HÀ NỘI – The Government is encouraging made-in-Việt Nam internet platforms to replace international giants like Google and Facebook as part of its long-term efforts to strengthen cyber security, the communications minister said yesterday.
As part of its efforts to ensure accurate information, the ministry has also convinced YouTube to remove 1,500 clips with “illegal content”, he added.
Minister of Information and Communications Trương Minh Tuấn took the stage during a Q&A session broadcast live from the National Assembly (NA)’s Standing Committee in which lawmakers fired questions at him about the spread of fake news on the internet and cyber security risks in Việt Nam.
This is the first time a Q&A session has been held during a meeting of the NASC.
The number of Facebook accounts in Việt Nam currenly stands at about 45 million, out of a population of 95 million, meaning that one in two Vietnamese has an account. Việtnamese are also among the top 10 nationalities in terms of time spent watching Youtube clips. Google is consistently the country’s number one search engine.
Vietnamese authorites, however, do not control those international sites and cannot prevent the spread of inaccurate information, slander of Vietnamese leaders or fake news that provoke enmity and hatred among people, the minister said.
Such content, though deemed illegal by the Vietnamese Government, is lawfully allowed by the countries where those kind websites are headquartered, Tuấn said, adding that it was difficult to ask those websites to remove such illigal content.
A new circular of the Ministry of Information and Communications that went into effect in February allows the ministry to take “technical measures” against any crossborder information providers should they fail to co-operate with the authorities to remove the illegal content in question.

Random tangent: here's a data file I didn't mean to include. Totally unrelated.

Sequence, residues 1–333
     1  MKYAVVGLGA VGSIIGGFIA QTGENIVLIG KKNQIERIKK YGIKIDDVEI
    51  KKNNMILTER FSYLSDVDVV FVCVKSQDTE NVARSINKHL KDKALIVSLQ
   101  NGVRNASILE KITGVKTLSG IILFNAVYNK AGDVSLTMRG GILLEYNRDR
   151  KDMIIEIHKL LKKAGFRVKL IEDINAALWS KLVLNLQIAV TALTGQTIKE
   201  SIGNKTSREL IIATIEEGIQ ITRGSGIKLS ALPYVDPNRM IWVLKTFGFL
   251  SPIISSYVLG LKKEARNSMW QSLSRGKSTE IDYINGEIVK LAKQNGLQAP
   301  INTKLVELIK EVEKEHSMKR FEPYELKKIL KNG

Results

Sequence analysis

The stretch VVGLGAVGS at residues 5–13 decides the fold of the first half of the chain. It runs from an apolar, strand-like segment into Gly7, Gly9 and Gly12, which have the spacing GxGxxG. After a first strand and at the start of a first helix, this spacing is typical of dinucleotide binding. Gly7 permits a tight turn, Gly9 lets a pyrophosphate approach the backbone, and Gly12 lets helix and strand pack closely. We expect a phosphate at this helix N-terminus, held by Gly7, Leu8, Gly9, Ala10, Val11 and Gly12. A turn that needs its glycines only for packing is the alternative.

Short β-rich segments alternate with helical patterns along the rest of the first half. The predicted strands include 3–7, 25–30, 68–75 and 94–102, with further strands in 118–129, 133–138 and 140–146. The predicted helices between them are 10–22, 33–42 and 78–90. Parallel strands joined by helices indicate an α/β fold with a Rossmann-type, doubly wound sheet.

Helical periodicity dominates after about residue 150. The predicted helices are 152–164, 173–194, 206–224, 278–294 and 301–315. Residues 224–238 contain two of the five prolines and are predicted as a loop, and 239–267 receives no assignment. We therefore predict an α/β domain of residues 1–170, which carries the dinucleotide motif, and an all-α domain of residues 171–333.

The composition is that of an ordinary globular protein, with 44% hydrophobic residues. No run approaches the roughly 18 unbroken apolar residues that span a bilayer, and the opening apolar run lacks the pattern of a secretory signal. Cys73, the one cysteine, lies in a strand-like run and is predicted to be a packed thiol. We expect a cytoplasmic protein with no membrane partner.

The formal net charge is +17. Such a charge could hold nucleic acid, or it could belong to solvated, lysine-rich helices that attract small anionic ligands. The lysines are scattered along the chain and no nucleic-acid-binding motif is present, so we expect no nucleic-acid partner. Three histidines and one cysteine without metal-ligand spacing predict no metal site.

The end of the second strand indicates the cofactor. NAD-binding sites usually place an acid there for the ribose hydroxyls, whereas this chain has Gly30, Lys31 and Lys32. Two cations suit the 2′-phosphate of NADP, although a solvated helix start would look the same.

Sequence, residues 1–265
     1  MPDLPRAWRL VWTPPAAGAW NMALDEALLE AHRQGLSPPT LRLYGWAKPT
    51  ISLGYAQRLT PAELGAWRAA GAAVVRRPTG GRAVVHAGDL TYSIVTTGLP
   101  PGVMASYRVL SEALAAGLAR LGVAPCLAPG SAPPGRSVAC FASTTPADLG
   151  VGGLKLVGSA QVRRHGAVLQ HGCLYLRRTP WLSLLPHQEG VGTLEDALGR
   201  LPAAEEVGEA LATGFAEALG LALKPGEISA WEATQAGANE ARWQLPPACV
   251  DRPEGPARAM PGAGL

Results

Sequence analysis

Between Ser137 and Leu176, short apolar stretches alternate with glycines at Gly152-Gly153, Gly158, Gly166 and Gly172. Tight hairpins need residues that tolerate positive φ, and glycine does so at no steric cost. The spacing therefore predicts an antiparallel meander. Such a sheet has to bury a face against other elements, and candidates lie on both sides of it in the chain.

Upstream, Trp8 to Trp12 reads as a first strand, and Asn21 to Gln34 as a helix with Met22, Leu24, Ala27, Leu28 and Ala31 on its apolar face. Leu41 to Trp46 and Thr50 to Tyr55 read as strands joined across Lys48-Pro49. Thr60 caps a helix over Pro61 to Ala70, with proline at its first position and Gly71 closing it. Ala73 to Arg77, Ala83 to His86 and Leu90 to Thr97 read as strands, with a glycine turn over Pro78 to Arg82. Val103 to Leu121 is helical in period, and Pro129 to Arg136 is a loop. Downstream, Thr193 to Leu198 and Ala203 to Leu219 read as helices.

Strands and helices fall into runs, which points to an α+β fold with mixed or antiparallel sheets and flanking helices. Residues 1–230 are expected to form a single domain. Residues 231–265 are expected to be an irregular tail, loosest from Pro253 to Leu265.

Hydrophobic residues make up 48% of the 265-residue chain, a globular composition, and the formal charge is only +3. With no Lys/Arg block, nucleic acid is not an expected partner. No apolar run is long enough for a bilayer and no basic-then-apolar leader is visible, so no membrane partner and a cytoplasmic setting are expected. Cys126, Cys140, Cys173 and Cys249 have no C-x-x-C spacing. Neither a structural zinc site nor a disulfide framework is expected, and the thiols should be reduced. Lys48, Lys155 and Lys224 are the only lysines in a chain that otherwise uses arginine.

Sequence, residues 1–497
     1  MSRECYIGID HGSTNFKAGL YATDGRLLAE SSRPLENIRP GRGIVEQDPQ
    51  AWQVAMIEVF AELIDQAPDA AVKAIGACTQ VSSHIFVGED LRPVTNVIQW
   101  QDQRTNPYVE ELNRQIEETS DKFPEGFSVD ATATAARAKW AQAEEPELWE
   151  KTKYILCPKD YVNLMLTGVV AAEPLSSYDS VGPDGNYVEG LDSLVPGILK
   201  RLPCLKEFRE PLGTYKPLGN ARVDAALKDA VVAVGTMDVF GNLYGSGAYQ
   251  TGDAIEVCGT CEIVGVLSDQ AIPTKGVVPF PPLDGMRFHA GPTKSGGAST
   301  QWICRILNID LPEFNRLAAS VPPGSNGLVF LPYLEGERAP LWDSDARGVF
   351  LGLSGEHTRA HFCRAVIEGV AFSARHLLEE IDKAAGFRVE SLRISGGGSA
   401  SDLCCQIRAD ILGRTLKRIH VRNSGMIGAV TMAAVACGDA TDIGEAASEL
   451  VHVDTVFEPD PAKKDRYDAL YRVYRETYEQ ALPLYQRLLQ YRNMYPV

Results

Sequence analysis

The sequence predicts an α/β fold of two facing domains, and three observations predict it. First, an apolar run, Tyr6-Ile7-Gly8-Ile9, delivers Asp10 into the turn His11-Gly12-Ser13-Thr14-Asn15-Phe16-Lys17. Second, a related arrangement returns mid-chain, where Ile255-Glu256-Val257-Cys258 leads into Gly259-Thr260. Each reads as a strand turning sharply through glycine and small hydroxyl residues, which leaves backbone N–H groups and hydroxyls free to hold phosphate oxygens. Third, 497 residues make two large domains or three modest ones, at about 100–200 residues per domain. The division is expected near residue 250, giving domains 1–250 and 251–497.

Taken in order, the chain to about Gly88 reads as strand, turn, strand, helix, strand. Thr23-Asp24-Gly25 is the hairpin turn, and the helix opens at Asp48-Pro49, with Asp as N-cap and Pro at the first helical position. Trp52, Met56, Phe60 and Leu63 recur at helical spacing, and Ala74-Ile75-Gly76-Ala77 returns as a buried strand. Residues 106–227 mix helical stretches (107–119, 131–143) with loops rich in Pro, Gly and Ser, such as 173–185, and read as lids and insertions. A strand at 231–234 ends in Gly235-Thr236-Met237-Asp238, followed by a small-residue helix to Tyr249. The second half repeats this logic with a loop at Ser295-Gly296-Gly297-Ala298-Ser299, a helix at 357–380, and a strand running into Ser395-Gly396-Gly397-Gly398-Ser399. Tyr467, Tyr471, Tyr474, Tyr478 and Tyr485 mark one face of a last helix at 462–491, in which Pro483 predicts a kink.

“By April 2017 we had worked with Youtube to delete 1,500 clips containing illegal content. We will also work with a Facebook leader regarding the issue later this month,” Tuấn said. “However, these are all short-term solutions. In the long term, we need Vietnamese companies to develop our own plaforms that are capable of replacing those international websites.”
Deputy Prime Minister Vũ Đức Đam said that Việt Nam should seek more co-operation with information providers to work out a win-win solution regarding such illegal content. “But we also need to provide true information to fight against the spins. It should be sufficient, timely and posted on the very websites that spread the false content,” he said.
On another issue discussed by lawmakers, the Ministry of Labour, Invalids and Social Affairs reported that it had been reviewing policies designed for people who made significant contributions to the cause of national revolution, said minister Đào Ngọc Dung in the morning Q&A session.
The country has recognised over nine million revolutionary contributors, making up nearly 10 per cent of the total population. More than 1.4 million revolutionary contributors and their families are receiving monthly allowances, he noted.
The ministry reviewed the list in 2014 and 2015, and found around 28,500 cases of self-claimed contributors who had not received benefits. However, Minister Dung said the verification of those cases faces difficulties due to lack of documents as evidence, which is also the biggest problem in this field.
According to the minister, inspections so far also revealed the misapplication of preferential policies in 1,872 cases.
Regarding preparations for the 70th anniversary of the War Invalids and Martyrs Day (July 27), Dung said various activities will be held to mark the event, including a meeting in Hà Nội, a national conference to honour people who rendered services to the revolution, and commemorative and incense-offering ceremonies at cemeteries of fallen soldiers nationwide.